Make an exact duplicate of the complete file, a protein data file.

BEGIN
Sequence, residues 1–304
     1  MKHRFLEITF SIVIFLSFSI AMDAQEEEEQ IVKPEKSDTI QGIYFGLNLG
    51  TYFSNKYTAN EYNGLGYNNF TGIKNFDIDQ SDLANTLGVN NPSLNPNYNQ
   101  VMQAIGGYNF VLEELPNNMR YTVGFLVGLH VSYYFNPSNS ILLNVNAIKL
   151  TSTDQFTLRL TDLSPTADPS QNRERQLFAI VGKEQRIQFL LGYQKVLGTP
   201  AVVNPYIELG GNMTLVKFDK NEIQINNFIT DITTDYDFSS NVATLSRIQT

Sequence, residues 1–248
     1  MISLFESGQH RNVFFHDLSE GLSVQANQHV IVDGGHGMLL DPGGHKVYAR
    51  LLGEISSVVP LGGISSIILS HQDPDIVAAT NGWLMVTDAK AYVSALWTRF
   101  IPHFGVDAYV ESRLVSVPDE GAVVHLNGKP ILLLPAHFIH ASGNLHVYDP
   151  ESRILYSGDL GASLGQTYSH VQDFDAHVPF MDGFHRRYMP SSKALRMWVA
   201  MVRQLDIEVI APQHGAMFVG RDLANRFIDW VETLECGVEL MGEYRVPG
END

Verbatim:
Sequence, residues 1–304
     1  MKHRFLEITF SIVIFLSFSI AMDAQEEEEQ IVKPEKSDTI QGIYFGLNLG
    51  TYFSNKYTAN EYNGLGYNNF TGIKNFDIDQ SDLANTLGVN NPSLNPNYNQ
   101  VMQAIGGYNF VLEELPNNMR YTVGFLVGLH VSYYFNPSNS ILLNVNAIKL
   151  TSTDQFTLRL TDLSPTADPS QNRERQLFAI VGKEQRIQFL LGYQKVLGTP
   201  AVVNPYIELG GNMTLVKFDK NEIQINNFIT DITTDYDFSS NVATLSRIQT

Sequence, residues 1–248
     1  MISLFESGQH RNVFFHDLSE GLSVQANQHV IVDGGHGMLL DPGGHKVYAR
    51  LLGEISSVVP LGGISSIILS HQDPDIVAAT NGWLMVTDAK AYVSALWTRF
   101  IPHFGVDAYV ESRLVSVPDE GAVVHLNGKP ILLLPAHFIH ASGNLHVYDP
   151  ESRILYSGDL GASLGQTYSH VQDFDAHVPF MDGFHRRYMP SSKALRMWVA
   201  MVRQLDIEVI APQHGAMFVG RDLANRFIDW VETLECGVEL MGEYRVPG